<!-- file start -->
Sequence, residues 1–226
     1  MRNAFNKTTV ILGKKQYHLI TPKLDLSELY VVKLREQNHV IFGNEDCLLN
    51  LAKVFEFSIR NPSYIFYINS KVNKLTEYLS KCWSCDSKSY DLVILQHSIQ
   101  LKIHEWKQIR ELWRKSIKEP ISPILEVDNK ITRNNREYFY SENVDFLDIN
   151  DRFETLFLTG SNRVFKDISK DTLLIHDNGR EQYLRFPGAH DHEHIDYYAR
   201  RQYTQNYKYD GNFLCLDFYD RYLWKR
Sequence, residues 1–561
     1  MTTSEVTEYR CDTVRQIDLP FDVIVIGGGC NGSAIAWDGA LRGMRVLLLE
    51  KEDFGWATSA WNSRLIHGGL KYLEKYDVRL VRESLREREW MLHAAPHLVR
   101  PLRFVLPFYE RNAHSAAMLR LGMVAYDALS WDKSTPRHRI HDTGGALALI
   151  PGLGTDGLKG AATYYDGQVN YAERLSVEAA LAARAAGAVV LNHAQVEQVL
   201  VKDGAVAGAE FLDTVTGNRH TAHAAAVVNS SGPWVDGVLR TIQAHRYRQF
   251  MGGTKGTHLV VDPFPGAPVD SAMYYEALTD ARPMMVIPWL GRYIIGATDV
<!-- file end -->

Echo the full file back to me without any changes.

Sequence, residues 1–226
     1  MRNAFNKTTV ILGKKQYHLI TPKLDLSELY VVKLREQNHV IFGNEDCLLN
    51  LAKVFEFSIR NPSYIFYINS KVNKLTEYLS KCWSCDSKSY DLVILQHSIQ
   101  LKIHEWKQIR ELWRKSIKEP ISPILEVDNK ITRNNREYFY SENVDFLDIN
   151  DRFETLFLTG SNRVFKDISK DTLLIHDNGR EQYLRFPGAH DHEHIDYYAR
   201  RQYTQNYKYD GNFLCLDFYD RYLWKR
Sequence, residues 1–561
     1  MTTSEVTEYR CDTVRQIDLP FDVIVIGGGC NGSAIAWDGA LRGMRVLLLE
    51  KEDFGWATSA WNSRLIHGGL KYLEKYDVRL VRESLREREW MLHAAPHLVR
   101  PLRFVLPFYE RNAHSAAMLR LGMVAYDALS WDKSTPRHRI HDTGGALALI
   151  PGLGTDGLKG AATYYDGQVN YAERLSVEAA LAARAAGAVV LNHAQVEQVL
   201  VKDGAVAGAE FLDTVTGNRH TAHAAAVVNS SGPWVDGVLR TIQAHRYRQF
   251  MGGTKGTHLV VDPFPGAPVD SAMYYEALTD ARPMMVIPWL GRYIIGATDV